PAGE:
News National Siege puts capitals on high alert

Siege puts capitals on high alert

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While Sydney was the focus of national and international concern and scrutiny as the Martin Place siege unfolded, other Australian capitals also went on high alert with increased police presence common to most.

In several capitals, local political leaders and police chiefs offered reassurance to an increasingly anxious public. They stressed that although precautions were being taken, the Sydney siege was not part of some national terrorist incident.

In Melbourne, police numbers were boosted in response to the attack, with Victorian Deputy Police Commissioner, Tim Cartwright, saying the operation was focussing on “community reassurance”.

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“You certainly will see a higher visible police presence, not just in the CBD, but also throughout regional Victoria, shopping centre, the sorts of places that you’d expect a lot of people to be going,” Deputy Commissioner Cartwright said.

“We’re monitoring the situation, but from what we’re seeing so far, and what we’ll continue to watch, there is nothing that should be of particular concern to Victorians,” he said.

Heavily armed police ready to respond at the Sydney cafe siege. Photo: AAP

Deputy Commisser Cartwright said one of the first things police did “was dispatch uniformed police to the four Lindt shops in Victoria”. The hostage drama played out at the chain’s Martin Place cafe.

Meanwhile, Victorian Premier, Daniel Andrews, urged Victorians to go about their business as usual.

“There is no specific threat known, or posed by these events to Victoria, or to Victorians, that is the most recent assessment that Victoria Police and other agencies have made,” Mr Andrews said.

In Brisbane, police commissioner Ian Stewart ordered every available police officer “out on to the streets”.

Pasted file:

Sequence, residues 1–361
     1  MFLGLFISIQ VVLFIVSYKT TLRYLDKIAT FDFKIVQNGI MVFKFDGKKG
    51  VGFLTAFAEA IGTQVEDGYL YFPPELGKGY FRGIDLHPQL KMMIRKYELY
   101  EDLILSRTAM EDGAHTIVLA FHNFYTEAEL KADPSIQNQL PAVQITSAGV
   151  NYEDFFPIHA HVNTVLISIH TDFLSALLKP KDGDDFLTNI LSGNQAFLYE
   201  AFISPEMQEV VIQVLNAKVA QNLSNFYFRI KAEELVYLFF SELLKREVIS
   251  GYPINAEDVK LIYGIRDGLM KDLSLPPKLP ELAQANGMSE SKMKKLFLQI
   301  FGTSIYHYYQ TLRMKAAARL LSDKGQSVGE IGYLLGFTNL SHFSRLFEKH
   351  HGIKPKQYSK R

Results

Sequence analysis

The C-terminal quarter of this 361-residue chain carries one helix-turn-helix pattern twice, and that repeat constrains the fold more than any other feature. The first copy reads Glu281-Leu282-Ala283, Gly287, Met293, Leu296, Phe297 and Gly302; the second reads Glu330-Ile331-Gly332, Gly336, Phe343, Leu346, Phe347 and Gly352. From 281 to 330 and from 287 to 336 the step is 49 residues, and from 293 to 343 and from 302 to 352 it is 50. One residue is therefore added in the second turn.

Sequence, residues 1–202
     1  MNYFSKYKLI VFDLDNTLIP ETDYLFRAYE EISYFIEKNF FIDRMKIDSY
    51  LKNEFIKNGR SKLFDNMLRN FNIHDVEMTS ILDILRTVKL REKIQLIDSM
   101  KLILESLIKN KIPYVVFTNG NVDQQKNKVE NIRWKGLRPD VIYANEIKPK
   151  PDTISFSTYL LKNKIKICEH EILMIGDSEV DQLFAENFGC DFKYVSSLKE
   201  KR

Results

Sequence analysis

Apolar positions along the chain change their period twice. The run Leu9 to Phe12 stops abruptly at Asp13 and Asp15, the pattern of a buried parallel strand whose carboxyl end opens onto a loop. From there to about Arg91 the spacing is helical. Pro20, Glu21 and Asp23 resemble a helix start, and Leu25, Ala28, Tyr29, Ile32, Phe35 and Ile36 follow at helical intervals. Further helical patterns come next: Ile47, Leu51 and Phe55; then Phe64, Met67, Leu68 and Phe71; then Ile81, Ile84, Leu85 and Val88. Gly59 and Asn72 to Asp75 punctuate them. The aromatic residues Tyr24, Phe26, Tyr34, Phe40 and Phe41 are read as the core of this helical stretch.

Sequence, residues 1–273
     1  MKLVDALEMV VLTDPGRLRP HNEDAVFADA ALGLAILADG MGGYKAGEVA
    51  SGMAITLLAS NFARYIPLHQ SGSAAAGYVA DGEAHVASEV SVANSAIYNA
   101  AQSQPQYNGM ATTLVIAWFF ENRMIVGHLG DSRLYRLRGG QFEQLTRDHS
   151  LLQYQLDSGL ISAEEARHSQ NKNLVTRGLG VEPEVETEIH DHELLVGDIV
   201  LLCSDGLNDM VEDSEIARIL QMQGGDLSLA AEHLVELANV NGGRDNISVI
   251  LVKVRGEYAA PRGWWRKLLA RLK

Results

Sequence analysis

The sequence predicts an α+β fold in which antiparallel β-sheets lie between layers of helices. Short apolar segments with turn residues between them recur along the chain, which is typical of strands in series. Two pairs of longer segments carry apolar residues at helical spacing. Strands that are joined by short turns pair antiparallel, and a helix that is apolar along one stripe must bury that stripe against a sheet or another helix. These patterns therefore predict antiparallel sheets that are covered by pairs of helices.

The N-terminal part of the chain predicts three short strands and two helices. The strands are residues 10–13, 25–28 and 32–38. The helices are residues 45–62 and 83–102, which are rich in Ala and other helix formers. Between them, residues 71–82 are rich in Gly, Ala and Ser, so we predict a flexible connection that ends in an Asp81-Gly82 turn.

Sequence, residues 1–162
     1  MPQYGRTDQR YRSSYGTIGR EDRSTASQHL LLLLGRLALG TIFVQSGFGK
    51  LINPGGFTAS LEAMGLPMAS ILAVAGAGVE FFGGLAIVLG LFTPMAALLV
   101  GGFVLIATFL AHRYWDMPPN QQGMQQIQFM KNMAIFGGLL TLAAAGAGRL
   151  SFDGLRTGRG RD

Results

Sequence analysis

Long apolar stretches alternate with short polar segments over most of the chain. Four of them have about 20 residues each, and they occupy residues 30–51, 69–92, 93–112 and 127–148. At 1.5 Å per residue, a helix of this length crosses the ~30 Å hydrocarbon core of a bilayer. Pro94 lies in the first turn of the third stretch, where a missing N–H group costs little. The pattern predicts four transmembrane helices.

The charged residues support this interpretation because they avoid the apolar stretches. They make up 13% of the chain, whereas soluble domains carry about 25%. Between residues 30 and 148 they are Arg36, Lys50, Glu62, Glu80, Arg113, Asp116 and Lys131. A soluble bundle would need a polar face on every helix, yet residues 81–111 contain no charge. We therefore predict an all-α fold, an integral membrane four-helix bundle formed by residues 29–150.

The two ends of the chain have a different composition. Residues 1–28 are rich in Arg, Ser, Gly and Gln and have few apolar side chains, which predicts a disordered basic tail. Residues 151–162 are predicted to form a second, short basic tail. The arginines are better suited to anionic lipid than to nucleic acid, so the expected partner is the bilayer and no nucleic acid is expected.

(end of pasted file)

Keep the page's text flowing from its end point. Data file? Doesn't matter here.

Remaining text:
“We are obviously monitoring what is happening in Sydney’s Martin Place, which is very concerning and we’ve offered our assistance to New South Wales,’ Mr Stewart said.

“This is a very difficult situation for any police agency to be confronted with. It is what we train for, but it’s very, very difficult for the police but even more difficult for the people who’ve been unexpectedly caught up in this – the hostages – and we hope there will be a peaceful resolution.

“It’s important here in Queensland we make sure we get extra police out onto the streets to reassure the public that any situation that occurs here can be dealt with quickly.

“It’s more about making sure that we don’t see any copycat situations. We still don’t know the motivation of this person in Sydney and hopefully that will come out in due course .. but we are taking what we believe are appropriate actions to safeguard our community in this state.”

In Adelaide, South Australian police urged the community to go about their business as usual.

“If SAPOL becomes aware of matters impacting community safety and security, the public will be alerted,” police said in a statement, adding: “SAPOL continue to work with other police jurisdictions and Commonwealth security agencies to ensure all necessary steps are being taken to keep our community safe.”